Hem…Using the Inseam Measurement

Several of my customers leave their pants to be hemmed on my porch without ever coming inside.

It’s because I hem their pants using their inseam measurement.

Once I know what their inseam measurement is, they never have to try pants on for me again.

I just sew each pair of pants at that same length.

This works well for men’s pants especially.

Men’s pants fit pretty uniformally across the board.

I’ll use the inseam measurement for some women too.

Women’s pants, however, can fit differently in the crotch area depending on the style and brand.

Some hang low in the crotch area and some don’t.

That can make for a variation in the inseam measurement.

Today I received a few pairs of men’s slacks for hemming.

This customer wants his pants hemmed with a 27 1/2″ inseam.

(Just so you know, that is a very short inseam. Most inseams are between 28″-36″)

There are two ways to find out what your inseam measurement is.

First, you can measure a pair of pants that you already have where the hem is the length you want.

Secondly, you can measure your body, from the crotch area to the point at which you want your hem to be.

For this example, I will show you how to measure the pants.

In this photo, you can see that I have laid the pants on the floor so that the inseam is showing from the intersection of the two seams to the bottom of the pants:

Here’s a close up view of that intersection of the two seams:

To get the inseam measurement, place a measuring tape at the point where the seams intersect:

Run the tape measure down the inside leg seam to the bottom of the pants. Whatever that measurement is, that’s your inseam.

Because my customer wants his pants to be at 27 1/2″, that is where I put a pin:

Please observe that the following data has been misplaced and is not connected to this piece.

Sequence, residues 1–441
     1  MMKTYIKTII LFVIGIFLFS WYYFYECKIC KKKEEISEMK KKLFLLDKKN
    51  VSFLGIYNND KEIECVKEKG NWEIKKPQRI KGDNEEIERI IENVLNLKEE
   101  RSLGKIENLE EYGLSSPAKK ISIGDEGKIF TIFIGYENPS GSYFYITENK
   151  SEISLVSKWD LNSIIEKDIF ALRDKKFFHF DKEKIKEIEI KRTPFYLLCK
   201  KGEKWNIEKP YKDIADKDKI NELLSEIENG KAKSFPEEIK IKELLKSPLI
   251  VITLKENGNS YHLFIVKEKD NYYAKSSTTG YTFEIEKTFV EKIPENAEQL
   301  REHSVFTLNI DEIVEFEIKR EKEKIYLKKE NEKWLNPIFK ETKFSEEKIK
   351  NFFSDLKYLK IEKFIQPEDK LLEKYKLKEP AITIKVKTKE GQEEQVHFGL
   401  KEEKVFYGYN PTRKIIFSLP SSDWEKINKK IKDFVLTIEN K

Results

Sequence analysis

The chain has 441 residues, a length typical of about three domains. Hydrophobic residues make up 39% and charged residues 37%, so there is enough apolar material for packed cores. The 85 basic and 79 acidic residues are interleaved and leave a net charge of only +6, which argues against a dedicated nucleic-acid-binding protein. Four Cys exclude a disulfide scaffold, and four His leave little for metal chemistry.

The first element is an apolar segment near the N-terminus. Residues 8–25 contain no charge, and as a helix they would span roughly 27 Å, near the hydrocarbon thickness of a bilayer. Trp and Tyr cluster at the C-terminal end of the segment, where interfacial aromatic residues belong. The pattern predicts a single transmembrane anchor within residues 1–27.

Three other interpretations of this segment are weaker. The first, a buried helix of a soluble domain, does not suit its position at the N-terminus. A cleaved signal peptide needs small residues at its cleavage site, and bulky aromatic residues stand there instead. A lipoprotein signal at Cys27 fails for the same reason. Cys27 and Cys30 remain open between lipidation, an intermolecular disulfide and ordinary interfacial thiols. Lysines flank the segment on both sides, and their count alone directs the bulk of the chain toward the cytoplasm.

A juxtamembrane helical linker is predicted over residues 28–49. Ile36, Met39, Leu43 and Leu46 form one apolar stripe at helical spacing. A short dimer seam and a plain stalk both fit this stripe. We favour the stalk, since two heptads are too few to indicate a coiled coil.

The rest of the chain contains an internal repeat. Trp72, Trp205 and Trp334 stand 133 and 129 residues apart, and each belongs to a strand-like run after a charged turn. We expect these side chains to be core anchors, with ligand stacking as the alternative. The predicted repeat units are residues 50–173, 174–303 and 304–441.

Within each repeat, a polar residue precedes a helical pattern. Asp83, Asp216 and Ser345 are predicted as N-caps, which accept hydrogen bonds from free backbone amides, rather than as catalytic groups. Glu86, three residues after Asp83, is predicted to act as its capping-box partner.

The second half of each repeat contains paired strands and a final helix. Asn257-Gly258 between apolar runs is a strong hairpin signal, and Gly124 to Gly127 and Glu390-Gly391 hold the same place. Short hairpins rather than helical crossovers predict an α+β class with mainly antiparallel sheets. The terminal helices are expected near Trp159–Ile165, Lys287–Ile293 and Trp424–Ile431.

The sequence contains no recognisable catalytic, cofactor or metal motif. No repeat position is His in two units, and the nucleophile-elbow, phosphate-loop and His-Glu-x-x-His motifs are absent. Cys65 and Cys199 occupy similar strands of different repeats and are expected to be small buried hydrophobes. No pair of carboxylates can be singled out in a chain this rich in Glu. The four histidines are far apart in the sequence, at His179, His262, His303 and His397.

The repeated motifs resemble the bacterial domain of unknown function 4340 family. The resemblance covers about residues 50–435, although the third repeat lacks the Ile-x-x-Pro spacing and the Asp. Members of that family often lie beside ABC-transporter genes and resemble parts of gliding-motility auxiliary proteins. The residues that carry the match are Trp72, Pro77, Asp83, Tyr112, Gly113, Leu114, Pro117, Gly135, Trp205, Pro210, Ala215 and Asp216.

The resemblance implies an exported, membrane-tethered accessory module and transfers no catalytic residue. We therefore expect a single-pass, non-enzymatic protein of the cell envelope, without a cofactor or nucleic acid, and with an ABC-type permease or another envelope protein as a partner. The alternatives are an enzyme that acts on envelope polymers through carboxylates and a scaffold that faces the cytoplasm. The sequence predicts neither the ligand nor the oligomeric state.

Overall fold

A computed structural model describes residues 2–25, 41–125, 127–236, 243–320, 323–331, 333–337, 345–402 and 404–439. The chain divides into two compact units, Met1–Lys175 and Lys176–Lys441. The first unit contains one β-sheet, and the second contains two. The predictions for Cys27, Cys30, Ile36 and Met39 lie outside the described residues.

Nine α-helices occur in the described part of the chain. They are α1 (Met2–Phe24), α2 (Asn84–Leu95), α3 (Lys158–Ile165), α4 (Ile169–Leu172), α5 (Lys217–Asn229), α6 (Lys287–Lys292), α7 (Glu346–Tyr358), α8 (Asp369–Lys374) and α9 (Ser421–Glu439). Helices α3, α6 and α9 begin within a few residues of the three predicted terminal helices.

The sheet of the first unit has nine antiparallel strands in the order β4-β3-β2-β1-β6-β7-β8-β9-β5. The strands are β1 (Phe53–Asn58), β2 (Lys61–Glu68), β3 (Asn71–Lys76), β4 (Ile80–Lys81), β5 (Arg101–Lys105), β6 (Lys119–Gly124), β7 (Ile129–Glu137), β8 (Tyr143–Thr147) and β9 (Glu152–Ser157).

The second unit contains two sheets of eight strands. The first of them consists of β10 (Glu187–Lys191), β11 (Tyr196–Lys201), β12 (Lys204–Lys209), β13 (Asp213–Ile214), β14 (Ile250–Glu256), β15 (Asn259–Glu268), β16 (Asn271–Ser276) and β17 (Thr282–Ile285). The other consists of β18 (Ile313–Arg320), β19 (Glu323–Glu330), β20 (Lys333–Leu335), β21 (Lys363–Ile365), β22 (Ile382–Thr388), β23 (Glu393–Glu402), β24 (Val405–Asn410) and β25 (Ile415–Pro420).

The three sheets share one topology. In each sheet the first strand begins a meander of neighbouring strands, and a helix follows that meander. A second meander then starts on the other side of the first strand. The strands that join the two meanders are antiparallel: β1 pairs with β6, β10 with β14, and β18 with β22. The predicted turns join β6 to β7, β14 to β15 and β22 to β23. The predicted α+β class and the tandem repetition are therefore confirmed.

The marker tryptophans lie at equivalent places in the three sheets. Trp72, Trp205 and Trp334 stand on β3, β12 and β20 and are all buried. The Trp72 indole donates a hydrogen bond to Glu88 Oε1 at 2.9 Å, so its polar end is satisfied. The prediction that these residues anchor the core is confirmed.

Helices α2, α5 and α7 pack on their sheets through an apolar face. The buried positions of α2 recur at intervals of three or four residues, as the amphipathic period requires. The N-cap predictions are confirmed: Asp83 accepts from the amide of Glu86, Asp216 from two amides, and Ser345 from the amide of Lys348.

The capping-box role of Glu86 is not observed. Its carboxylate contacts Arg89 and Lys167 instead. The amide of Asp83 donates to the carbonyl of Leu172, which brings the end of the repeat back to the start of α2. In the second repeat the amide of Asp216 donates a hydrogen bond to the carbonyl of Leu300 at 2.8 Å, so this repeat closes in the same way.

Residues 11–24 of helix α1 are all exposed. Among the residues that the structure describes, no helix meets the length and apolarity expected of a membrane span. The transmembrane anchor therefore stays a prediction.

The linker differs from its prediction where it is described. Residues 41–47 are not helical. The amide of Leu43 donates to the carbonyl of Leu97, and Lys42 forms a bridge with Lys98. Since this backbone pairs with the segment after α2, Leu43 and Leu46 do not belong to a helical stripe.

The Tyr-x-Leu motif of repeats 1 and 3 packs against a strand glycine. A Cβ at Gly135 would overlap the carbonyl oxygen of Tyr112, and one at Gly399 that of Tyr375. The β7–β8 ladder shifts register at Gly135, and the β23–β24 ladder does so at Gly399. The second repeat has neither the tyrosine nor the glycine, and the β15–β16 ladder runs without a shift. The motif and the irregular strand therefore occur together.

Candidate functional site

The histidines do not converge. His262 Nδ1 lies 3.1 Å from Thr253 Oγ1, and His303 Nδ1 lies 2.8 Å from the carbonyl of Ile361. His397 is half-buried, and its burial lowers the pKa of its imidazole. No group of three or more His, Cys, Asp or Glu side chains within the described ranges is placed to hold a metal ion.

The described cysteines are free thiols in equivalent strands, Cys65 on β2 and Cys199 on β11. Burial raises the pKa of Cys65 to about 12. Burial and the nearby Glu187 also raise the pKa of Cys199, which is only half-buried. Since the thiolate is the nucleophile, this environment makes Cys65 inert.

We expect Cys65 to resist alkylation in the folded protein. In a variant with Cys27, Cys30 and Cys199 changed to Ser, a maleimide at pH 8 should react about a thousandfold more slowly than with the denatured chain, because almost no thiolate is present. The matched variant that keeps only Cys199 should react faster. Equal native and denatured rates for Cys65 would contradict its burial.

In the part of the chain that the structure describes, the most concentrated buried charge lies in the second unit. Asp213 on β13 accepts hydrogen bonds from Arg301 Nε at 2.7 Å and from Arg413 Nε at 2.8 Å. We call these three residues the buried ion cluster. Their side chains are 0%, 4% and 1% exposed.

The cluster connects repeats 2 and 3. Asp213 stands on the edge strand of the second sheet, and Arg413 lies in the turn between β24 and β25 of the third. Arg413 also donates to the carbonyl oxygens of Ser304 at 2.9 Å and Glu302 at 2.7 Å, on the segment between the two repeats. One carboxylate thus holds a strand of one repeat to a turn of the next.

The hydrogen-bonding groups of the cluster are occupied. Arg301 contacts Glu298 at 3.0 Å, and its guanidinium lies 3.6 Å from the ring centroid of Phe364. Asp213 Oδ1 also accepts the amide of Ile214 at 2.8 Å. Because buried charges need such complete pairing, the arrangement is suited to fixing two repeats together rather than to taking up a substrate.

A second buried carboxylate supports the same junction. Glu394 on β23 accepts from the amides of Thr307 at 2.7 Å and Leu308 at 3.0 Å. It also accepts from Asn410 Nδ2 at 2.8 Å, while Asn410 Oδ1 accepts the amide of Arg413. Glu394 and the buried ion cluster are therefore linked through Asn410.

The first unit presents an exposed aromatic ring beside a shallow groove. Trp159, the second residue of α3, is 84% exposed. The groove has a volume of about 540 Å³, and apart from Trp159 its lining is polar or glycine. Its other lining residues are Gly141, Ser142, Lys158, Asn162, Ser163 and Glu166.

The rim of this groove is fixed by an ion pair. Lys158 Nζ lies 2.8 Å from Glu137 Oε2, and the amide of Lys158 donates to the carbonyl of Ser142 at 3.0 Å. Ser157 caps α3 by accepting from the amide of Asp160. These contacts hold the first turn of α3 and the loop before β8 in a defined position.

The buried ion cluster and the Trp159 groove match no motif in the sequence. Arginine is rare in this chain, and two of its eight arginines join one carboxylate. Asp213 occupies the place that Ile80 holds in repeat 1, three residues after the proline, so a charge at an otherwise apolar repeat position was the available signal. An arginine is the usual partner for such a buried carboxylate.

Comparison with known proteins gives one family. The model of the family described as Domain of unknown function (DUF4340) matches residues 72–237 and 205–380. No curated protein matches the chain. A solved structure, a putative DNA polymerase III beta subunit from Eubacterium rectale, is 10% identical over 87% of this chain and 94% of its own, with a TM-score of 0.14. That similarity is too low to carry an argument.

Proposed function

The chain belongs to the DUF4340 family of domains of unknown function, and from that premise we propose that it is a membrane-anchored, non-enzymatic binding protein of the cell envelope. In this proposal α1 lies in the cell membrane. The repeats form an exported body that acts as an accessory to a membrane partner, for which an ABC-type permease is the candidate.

Notice the hem. It is put in by topstitching with a sewing machine. I always try to duplicate the original hem when I put the new one in.

First, take out the original hem with a seam ripper:

Take note that the original hem was 1 1/2″ deep:

Once you have taken out all the thread, spread out the entire hem so you can see all the way to the raw edge of the fabric.

If you measure from the fold of the original hem, you’ll see that there is 2 inches of fabric beyond that.

Measure from the folded edge to the pin.

That will tell you how much fabric to press up for the new hem.

Or you can measure from the original fold to the pin:

Press up that amount all the way around the hem:

Then, measure out that 2 inches and trim off the excess:

You’ll now fold up 1/2″. I know that because I left 2 inches of extra fabric and my original hem was 1 1/2″ deep. So, 1/2″ is what’s left to turn under.

Fold under the hem twice and pin in place, matching the side seam of the fold to the side seam of the pants:

You don’t have to pin this hem in place. You can just stitch if you like and if you feel comfortable doing that.

If I do pin the slacks, I like to pin on the outside (right side) of the pants.

I place a pin at each side seam and one if the center front of the pant and one in the center back.

Then, topstitch the hem in place.

On the next post, I’ll give you some pointers to make your topstitching look great.

***Note…if you want to learn how to sew many different types of hems, look under “More Articles” on the left side of this page and click on the arrow “Select Category”, then “Hems”. You’ll find several pages worth of hem “How To’s”. There’s sure to be the one you’re looking for.